I’ll take it

January 1st, 2010

2009 was the year I decided to take myself seriously as a poet. 2009 was the year I gave myself permission to try. 2009 was the year I made some writing goals, made them specific and public the better to hold myself accountable to myself.

By my reckoning I made a good year of it. I did not write fifty-two poems but I wrote forty-six things that I am able to call poems under my bizarre internal standards and I’ll take that. I wrote a lot of things that went nowhere, and I’ll take that too, and in the process I learned something about saving the two lines that seem worth saving and moving on and I’ll take that most of all. I sent out fifteen packages and in the end had eight poems published in five journals (with two submissions still pending): my novice self will very much take that, thank you. I subscribed to or requested sample copies of a few new journals, and though I’d love for it to be journals-a-palooza around here, the logistics of the back-and-forth communication about how much extra the journals cost when shipped overseas (because I know journals run on tight budgets and want to be sensitive to this point), and the growing on-line availability of back issues, made it easy for this one to slip by the wayside. I lost count of the poets I added to my collection and am too lazy to go to my studio shelves to figure it out. Suffice it to say I am better read now than I was one year ago. I did not attend a writers’ workshop.

Now it is 2010 and my writing goals are much the same:

  • Write (at least) fifty-two poems this year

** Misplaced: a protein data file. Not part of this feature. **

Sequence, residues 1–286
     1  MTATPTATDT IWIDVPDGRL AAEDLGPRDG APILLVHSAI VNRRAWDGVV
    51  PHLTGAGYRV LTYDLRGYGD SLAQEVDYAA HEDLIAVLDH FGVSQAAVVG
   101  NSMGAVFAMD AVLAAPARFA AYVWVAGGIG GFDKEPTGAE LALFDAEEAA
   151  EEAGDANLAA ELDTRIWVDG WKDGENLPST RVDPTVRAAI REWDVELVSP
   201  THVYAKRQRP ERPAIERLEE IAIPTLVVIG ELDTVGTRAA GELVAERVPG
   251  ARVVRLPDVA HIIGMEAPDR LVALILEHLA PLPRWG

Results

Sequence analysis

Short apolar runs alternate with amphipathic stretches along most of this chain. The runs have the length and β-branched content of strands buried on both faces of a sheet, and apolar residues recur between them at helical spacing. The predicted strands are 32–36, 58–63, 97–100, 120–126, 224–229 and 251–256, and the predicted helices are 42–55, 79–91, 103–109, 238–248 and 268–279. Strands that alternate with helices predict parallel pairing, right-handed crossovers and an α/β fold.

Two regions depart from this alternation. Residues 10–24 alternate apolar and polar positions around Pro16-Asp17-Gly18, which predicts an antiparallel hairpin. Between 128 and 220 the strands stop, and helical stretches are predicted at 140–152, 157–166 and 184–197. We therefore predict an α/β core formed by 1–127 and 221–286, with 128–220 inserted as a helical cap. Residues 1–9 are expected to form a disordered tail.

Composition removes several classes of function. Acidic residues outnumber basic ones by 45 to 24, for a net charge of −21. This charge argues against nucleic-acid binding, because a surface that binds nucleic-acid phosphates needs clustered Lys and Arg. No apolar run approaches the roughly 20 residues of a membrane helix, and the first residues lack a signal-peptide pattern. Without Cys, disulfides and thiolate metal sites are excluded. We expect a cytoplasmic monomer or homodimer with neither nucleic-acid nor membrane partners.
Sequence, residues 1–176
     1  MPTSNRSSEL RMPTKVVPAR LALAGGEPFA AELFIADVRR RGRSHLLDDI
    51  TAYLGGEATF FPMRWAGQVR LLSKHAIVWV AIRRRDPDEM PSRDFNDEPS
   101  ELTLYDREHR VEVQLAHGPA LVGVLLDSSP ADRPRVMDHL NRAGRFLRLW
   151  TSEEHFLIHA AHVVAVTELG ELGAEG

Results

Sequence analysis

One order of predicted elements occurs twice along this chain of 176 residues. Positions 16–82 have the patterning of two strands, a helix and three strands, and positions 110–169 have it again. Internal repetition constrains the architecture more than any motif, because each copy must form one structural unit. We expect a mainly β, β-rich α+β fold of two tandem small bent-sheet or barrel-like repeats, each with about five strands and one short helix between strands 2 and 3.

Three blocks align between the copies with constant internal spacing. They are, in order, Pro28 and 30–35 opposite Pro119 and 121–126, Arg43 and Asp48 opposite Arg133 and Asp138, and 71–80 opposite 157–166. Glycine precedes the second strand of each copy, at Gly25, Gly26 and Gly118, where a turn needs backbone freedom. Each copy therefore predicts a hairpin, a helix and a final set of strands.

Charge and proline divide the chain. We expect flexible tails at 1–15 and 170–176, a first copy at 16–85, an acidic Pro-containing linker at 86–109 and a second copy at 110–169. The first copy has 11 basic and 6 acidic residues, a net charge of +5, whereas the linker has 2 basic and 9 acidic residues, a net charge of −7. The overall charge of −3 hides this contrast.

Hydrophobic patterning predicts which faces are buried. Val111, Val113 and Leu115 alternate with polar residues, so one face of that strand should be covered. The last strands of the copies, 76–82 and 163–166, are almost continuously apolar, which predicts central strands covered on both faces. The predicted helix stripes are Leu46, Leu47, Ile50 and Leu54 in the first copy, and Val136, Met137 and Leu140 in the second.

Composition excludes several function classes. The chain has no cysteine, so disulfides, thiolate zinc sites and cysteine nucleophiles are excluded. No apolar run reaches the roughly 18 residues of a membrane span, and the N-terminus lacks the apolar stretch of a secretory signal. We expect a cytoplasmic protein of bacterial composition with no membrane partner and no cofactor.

• Send out (at least) twelve packages
  • Attend a writers’ workshop (I’m already registered for this one am applying to one very ambitious one and one slightly less ambitious one Stateside). 
  • Continue to read, read, read. Read more, read more widely, read more critically, read more openly. Read more stuff I never thought I’d read. Read more stuff I’ve already read. Read more stuff I don’t like. Read.

My writing life had a good year. My writing life passed the test I had set up for myself: give it a year and if at the end of the year something from the year is still glimmering, then give it another year. And things are glimmering. I’ve published some pieces that I’m proud of, pieces I think I’ll still be proud to have my name attached to a year from now and a year from then. I’m reading more poetry, and that’s just good for a person’s heart. I’ve found a thing outside of me, outside of my small boys, that is hard and shiny and good. That is mine. This is me, now, this fresh-baked stumbling poet. Maybe not, as Bethany so perfectly put it, for a living, but for a life, yes. For a life, this stumbling poet is me, and I’ll take that.